Teaching is no longer the lonely profession it often seemed to be when I entered the classroom. Thanks to social learning tools like Facebook and Twitter, professionals are able to create and sustain lasting learning networks with kindred spirits all over globe. Whenever I design a new instructional approach, lesson, or unit, I reach out to other teachers in my tribe for feedback. I invite them to use my work in their own classrooms, too. They tell me how it’s helping the writers they support. More importantly, they help me make it better. This has been my experience with Peter Anderson, a seventh grade teacher from Thomas Jefferson Middle School in Arlington, Virginia.
Peter recently read Rebekah and Allison’s book, Writing with Mentors beside the draft of something new I’ve been playing with on the heels of Make Writing, and he reached out to me on Twitter to process his thinking. Over the last several weeks, we’ve enjoyed an easy email exchange which has helped him synthesize varied approaches while refining my own work a great deal.
What does it mean to make writing?
More importantly, what does it mean to make writing with mentor texts?
In their book, Allison and Rebekah not only remind us what mentor texts are, they speak to the powerful role they play in their own practice:
Mentor texts are model pieces of writing-or excerpts of writing-by established authors that can inspire students and teach them how to write, and they have become the single most important element of our writing instruction.
Allison Marchetti and Rebekah O’Dell, Writing with Mentors
Many writing teachers rely on mentor texts to model quality craft, but I don’t know many who have studied the influence of mentor text on writers as well as Allison and Rebekah have. I know Peter agrees, and I also know that their work shifted something significant in his practice as well.
And then he starting exploring the connection between making and writing and everything went off the rails. At first.
Here’s the thing: We all stand on the shoulders of giants, whether we’re inventing a new product inside of a makerspace or drafting fiction inside of a writing workshop. We all need mentors, and we all rely on the work they produce to guide our own creative journeys.
When I coach kids to make writing, we often turn to mentor texts for support. The tools and resources that we use to make meaning from them have begun to change as I’ve learned more about the influence of specific maker moves on the process itself, that’s all.
Eager to learn more about how this works? Take a peek at this previous post. You’ll meet my friend Olivia there.
Then, try this approach, if you’re so inclined:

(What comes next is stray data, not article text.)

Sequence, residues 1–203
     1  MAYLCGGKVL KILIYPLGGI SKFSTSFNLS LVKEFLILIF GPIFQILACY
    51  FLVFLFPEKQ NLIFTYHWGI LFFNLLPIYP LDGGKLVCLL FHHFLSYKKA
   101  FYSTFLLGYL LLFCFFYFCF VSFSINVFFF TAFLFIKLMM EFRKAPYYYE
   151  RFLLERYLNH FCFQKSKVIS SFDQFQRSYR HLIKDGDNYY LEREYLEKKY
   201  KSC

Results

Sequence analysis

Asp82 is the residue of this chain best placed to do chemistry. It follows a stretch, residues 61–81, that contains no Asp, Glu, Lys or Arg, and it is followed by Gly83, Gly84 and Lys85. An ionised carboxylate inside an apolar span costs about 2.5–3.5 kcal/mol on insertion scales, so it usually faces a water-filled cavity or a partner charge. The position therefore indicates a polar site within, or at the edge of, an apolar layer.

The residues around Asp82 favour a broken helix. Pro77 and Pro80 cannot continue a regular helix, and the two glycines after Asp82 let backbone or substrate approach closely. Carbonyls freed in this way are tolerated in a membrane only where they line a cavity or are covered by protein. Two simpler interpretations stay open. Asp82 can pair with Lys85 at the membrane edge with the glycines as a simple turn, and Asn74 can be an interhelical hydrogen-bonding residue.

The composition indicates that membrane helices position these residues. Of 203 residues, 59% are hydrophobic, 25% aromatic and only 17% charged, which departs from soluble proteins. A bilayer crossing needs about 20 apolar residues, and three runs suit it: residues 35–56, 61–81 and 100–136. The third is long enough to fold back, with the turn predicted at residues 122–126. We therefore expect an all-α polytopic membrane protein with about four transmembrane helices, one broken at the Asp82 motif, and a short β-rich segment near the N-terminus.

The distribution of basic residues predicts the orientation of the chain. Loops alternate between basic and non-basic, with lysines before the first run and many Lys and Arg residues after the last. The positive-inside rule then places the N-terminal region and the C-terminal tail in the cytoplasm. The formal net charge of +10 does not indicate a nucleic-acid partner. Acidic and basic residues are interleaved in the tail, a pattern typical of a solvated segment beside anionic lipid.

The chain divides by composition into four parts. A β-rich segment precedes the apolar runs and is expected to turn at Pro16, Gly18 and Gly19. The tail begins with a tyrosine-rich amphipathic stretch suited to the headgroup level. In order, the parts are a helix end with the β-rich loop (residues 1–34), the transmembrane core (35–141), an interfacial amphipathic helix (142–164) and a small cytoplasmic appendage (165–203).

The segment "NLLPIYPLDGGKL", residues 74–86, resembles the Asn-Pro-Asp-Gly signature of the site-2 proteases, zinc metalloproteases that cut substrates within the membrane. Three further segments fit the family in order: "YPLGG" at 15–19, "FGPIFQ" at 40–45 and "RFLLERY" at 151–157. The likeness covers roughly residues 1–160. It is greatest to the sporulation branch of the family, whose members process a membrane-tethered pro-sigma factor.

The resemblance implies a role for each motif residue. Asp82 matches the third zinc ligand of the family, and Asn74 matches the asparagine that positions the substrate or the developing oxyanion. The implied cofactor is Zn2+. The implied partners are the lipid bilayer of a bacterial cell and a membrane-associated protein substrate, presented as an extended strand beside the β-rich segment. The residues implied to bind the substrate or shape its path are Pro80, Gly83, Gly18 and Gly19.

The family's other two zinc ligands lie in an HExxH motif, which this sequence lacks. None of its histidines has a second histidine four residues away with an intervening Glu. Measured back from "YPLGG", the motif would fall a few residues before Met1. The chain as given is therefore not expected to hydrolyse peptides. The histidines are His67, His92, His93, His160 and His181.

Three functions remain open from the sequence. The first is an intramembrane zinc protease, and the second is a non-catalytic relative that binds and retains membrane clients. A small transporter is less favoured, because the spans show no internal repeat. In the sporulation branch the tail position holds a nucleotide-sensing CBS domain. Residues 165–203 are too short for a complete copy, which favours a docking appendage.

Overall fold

First, help writers identify mentor texts that make specific craft moves explicit. What do your writers want to learn how to do? Which writers are most masterful at it? Which works are their best examples? Find them.
Next, invite writers to examine how the writer uses the move to craft the mentor text. Questions like these are helpful: What is the writing doing? How is the writing doing it? Criteria-specific responses are critical here.
Then, use the criteria gleaned from your close reading of the text to build a grid. Begin by challenging writers to define the specific moves that the author of the mentor text is making in the first column. Then, invite them to add the elements of their own work that they wish to tinker with to the first row. I find this makes the ethereal far more concrete. This is an example of a grid:
Olivia used this tool to tinker with a craft move that Augusten Burroughs uses in his new memoir: Personifying place. As we analyzed this mentor text together, we realized that he executed the move by comparing San Francisco to a nurturing parent or grandparent in three very specific ways. We created a grid, listing these explicit moves across the top row: Things that San Francisco said, things that San Francisco did, and things that San Francisco gave Burroughs. Then, we brainstormed characters that we could compare with our own home towns. These were added to the first column, leaving the rest of the board open for experimentation.
Writers used the grid to consider what each different character might say or do or give them. They messed around with these ideas for some time, moving them about, and adding others to the pile. Finally, they chose their best ideas and mixed them back into their drafts. You can revisit Olivia’s example here.
I call this tinkering, because when writers are working this phase of the process successfully, it looks much like the work of makers: They break a bit of text away from the whole of their drafts, drop it onto a surface where they can break it apart and play with it, and they rework it a few different ways before deciding which version they like best. Then, they drop their new ideas back into their drafts.
When writers are able to study the craft moves of the writers they admire, they begin recognizing quality work and the specific practices that produced it. When they make writing, they use this learning to create tools that help them experiment with the move in very specific but diverse ways, over and over again. The best tools are often re-purposed for use across different drafts and genres as well.
Peter and I have been talking this through over the last few weeks, and as he’s started testing new ideas in his classroom, I’ve been learning even more from his experiences. This is what it means to leverage a professional learning network, and I’m grateful to him for the connection. I hope that you will join us!
How do you help writers make their study of mentor texts actionable? Reach out to me on Twitter to chat more. I’m @angelastockman there.